Solanum americanum, commonly known as American black nightshade, small-flowered nightshade or glossy nightshade is a herbaceous flowering plant of wide though uncertain native range. The certain native range encompasses the tropics and subtropics of the Americas, Melanesia, New Guinea, and Australia.

The plant is widely naturalized around the Tropical Pacific and Indian Oceans, including Hawaiʻi, Indochina, Madagascar and Africa, possibly via anthropogenic introduction in these locales.

Solanum americanum is one of the most widespread and morphologically variable species belonging to the section Solanum. It can be confused with other black nightshade species in the Solanu

Solanum americanum grows up to 1–1.5 meters (39–59 in) tall and is an annual or short-lived perennial. The leaves are alternate on the branch, and vary greatly in size, up to 10 centimeters (3.9 in) long and 7 centimeters (2.8 in) broad, with a 4 centimeter (1.6 in) petiole and a coarsely wavy or toothed margin. The flowers are about 1 cm in diameter, white or occasionally light purple, with yellow stamens. The fruit is a shiny black berry 5–10 millimeters (0.20–0.39 in) diameter, containing numerous small seeds.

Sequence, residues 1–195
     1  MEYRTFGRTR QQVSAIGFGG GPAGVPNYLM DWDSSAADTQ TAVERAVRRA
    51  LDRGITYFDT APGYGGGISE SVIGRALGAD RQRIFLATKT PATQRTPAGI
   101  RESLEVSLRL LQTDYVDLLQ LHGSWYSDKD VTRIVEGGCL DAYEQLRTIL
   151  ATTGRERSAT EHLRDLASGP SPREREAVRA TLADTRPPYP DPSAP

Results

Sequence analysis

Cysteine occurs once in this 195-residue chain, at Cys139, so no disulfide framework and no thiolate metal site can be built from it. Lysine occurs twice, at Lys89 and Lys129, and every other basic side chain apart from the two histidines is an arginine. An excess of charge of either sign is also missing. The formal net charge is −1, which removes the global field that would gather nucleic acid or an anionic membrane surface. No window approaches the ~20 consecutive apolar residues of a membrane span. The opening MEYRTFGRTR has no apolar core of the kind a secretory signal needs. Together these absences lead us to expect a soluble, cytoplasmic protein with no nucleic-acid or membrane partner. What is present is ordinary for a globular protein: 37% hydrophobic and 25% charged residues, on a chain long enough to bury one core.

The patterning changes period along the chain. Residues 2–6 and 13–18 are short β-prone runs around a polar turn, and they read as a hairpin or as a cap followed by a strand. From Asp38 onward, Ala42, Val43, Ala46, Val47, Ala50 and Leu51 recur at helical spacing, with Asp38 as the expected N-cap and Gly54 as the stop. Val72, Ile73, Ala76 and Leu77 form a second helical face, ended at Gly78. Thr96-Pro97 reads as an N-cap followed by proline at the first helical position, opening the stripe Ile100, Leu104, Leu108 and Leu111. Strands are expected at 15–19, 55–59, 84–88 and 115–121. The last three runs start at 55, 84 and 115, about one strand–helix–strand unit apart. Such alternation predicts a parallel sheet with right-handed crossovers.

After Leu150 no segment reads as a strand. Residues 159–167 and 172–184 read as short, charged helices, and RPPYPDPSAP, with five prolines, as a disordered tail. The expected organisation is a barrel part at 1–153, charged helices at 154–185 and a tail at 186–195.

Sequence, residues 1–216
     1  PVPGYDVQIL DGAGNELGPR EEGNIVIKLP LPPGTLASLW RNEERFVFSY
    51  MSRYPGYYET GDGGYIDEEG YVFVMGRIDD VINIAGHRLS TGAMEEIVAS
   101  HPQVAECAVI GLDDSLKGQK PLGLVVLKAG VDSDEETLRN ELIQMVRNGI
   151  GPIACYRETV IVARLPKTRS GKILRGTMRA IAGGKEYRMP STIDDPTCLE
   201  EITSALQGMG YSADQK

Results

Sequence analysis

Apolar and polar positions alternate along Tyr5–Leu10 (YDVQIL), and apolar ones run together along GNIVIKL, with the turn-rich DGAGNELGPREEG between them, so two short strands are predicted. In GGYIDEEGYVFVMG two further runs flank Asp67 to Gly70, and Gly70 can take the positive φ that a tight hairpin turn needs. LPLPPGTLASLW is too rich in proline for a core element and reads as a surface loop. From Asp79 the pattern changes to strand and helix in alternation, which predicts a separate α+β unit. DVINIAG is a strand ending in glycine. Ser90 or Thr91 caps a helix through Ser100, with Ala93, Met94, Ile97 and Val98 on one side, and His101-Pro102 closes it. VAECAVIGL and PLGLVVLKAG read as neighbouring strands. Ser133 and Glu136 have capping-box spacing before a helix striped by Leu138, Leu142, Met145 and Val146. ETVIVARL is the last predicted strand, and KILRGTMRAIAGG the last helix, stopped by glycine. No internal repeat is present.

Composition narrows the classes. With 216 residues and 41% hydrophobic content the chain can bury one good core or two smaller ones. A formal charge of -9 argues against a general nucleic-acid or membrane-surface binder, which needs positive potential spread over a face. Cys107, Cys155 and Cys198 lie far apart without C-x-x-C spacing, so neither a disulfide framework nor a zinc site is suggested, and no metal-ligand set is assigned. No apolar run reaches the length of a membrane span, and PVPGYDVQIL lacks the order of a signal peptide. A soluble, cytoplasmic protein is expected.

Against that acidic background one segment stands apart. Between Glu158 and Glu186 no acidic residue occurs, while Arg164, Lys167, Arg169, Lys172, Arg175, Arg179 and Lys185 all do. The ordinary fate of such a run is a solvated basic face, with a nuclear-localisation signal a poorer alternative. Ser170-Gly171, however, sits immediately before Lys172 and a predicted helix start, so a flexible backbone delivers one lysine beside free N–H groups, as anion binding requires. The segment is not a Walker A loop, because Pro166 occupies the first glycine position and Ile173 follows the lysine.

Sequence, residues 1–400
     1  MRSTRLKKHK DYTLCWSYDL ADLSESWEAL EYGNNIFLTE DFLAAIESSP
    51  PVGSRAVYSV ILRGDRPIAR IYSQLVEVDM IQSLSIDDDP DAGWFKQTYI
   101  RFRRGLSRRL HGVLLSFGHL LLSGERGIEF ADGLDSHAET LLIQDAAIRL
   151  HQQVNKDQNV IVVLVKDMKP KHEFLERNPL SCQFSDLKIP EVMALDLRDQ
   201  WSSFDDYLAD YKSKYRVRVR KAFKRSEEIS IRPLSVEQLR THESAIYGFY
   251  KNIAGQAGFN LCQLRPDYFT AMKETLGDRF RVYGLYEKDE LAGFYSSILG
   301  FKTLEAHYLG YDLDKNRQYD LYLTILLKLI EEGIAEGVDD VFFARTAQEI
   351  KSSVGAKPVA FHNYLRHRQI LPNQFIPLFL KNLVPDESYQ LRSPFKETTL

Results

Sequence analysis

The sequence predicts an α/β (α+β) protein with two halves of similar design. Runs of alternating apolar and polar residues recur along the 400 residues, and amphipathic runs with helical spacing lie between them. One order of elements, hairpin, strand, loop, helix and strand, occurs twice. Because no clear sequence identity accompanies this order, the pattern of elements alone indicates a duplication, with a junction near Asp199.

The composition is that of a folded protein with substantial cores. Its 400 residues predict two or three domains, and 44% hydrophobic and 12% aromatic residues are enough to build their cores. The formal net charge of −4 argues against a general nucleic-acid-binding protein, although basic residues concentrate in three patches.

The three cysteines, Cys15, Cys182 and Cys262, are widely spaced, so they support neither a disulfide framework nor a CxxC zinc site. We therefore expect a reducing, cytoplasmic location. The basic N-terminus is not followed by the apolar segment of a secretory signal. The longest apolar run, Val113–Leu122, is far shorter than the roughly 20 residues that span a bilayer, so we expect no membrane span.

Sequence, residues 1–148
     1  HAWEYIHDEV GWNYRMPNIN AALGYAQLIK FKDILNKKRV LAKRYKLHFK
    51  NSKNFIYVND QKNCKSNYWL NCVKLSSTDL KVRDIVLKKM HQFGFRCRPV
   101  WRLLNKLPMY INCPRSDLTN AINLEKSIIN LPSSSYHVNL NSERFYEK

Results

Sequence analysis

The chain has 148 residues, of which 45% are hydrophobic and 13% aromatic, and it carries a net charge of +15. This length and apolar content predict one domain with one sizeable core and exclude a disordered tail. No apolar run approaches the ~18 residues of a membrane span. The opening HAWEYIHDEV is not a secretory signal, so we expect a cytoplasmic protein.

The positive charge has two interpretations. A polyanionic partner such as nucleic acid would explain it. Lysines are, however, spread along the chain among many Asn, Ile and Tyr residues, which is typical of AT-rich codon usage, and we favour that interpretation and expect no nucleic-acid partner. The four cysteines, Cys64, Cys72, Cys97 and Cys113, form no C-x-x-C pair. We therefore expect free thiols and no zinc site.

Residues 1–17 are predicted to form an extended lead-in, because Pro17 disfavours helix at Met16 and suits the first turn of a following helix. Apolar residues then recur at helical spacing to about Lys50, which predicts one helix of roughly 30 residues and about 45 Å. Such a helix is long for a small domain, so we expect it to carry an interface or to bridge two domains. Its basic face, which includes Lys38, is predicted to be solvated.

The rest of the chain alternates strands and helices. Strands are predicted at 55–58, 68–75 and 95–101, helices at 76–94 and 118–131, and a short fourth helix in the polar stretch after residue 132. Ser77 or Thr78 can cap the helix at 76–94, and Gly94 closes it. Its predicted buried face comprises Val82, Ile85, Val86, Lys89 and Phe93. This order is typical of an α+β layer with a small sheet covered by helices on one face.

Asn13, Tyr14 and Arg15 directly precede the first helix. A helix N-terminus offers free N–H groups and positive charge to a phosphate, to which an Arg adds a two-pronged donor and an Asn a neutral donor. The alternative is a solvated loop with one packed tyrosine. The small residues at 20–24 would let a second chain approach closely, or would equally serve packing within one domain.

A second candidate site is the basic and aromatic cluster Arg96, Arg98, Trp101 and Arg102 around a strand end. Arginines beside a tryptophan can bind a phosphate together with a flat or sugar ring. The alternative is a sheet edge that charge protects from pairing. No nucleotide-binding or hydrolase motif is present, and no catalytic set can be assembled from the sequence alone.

Research indicates the presence of toxic glycoalkaloids and there are warnings to be careful on the use of S.americanum as herbal medicine and food. The green fruit is particularly poisonous and eating unripe berries has caused the death of children. Ripe berries and foliage may also cause poisoning, though the toxicity seems to diminish somewhat with ripening. This is via high levels of the glycoalkaloids, solanine and solamargine. Other toxins present in the plant include chaconine, solasonine, solanigrine, gitogenin and traces of saponins, as well as the tropane alkaloids scopolamine (hyoscine), atropine and hyoscyamine.

Observations Map

Significant amounts of solasodine (0.65%) have been found in the green berries. The ripe fruit also contains 0.3–0.45% solasonine, and acetylcholine, and has a cholinesterase-inhibiting effect on human plasma. In Transkei, rural people have a high incidence of esophageal cancer thought to be a result of using S.americanum as a food. Livestock can also be poisoned by high nitrate levels in the leaves.

Toxicity varies widely depending on the genetic strain and the location conditions, like soil and rainfall. Poisonous plant experts advise: "...unless you are certain that the berries are from an edible strain, leave them alone."

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